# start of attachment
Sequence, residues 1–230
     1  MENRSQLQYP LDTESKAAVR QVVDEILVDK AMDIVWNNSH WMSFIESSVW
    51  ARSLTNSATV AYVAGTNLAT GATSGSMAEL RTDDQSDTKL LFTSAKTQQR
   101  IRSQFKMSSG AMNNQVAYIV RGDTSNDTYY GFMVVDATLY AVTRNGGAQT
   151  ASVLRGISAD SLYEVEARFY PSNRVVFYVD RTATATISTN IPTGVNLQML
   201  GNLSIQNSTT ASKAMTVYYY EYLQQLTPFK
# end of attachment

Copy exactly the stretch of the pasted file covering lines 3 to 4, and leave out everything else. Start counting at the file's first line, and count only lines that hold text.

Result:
    51  ARSLTNSATV AYVAGTNLAT GATSGSMAEL RTDDQSDTKL LFTSAKTQQR
   101  IRSQFKMSSG AMNNQVAYIV RGDTSNDTYY GFMVVDATLY AVTRNGGAQT